Everybody's Writing-desk Book

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Harper & brothers, 1892 - 310 pages
 

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Page 24 - Pharaoh's chariots and his host hath he cast into the sea: His chosen captains also are drowned in the Red Sea. The depths have covered them: They sank into the bottom as a stone.
Page 108 - If music and sweet poetry agree, As they must needs, the sister and the brother, Then must the love be great 'twixt thee and me, Because thou lov'st the one, and I the other. Dowland to thee is dear, whose heavenly touch Upon the lute doth ravish human sense; Spenser to me, whose deep conceit is such As, passing all conceit, needs no defence. Thou lov'st to hear the sweet melodious sound That Phoebus...
Page 115 - There is a time in every man's education when he arrives at the conviction that envy is ignorance; that imitation is suicide; that he must take himself for better for worse as his portion ; that though the wide universe is full of good, no kernel of nourishing corn can come to him but through his toil bestowed on that plot of ground which is given to him to till.
Page 25 - The dialect of conversation is nowadays so swelled with vanity and compliment, and so surfeited (as I may say) of expressions of kindness and respect, that if a man that lived an age or two ago should return into the world again he would really want a dictionary to help him to understand his own language...
Page 44 - THE FUTURE of poetry is immense, because in poetry, where it is worthy of its high destinies, our race, as time goes on, will find an ever surer and surer stay. There is not a creed which is not shaken, not an accredited dogma which is not shown to be questionable, not a received tradition which does not threaten to dissolve. Our religion has...
Page 6 - The atrocious crime of being a young man, which the honourable gentleman has, with such spirit and decency, charged upon me, I shall neither attempt to palliate nor deny; but content myself with wishing that I may be one of those whose follies may cease with their youth, and not of that number who are ignorant in spite of experience.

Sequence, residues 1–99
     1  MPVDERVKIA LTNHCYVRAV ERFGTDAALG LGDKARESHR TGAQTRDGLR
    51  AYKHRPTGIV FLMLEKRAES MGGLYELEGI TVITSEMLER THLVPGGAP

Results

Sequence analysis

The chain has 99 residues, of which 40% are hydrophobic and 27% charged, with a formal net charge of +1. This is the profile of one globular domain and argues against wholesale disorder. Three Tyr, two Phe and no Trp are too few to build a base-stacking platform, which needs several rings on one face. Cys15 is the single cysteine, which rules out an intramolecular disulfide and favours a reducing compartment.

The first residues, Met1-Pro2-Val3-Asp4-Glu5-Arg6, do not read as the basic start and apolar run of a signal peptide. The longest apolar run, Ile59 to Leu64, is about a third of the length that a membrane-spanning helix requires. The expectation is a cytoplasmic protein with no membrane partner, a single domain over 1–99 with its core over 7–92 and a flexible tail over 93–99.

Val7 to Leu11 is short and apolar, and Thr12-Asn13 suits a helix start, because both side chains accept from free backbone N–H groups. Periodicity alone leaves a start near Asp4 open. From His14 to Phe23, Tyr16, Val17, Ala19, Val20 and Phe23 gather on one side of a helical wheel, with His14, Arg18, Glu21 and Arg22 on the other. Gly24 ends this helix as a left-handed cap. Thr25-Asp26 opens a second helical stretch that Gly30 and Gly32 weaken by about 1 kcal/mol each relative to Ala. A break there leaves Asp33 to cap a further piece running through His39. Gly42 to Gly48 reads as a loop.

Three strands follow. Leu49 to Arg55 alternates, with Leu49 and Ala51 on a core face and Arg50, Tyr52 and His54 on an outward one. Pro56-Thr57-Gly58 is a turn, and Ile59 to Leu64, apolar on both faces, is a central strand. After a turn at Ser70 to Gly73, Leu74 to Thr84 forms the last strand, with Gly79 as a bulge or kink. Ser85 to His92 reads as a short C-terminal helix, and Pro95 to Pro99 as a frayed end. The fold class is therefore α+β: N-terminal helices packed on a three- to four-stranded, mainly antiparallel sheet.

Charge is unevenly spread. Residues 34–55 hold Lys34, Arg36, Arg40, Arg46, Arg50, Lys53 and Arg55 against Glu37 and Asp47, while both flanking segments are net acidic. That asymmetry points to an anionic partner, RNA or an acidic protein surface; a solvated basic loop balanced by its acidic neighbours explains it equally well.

Page 16 - As soon as ye be come into the city, ye shall straightway find him, before he go up to the high place to eat: for the people will not eat until he come, because he doth bless the sacrifice; and afterwards they eat that be bidden. Now therefore get you up; for about this time ye shall find him.
Page 307 - STORMONTH. Etymological and Pronouncing Dictionary of the English Language. Including a very Copious Selection of Scientific Terms. For Use in Schools and Colleges, and as a Book of General Reference. By the Rev. JAMES STORMONTH. The Pronunciation carefully Revised by the Rev. PH PHELP, MA Cantab. Tenth Edition, Revised throughout. Crown 8vo, pp. 800. 7s. 6d. Dictionary of the English Language, Pronouncing, Etymological, and Explanatory.
Page 93 - Yes, to smell pork ; to eat of the habitation which your prophet the Nazarite conjured the devil into. I will buy with you, sell with you, talk with you, walk with you, and so following ; but I will not eat with you, drink with you, nor pray with you.
Page 102 - As the hart panteth after the water-brooks, So panteth my soul after thee, O God. My soul thirsteth for God, for the living God : When shall I come and appear before God!

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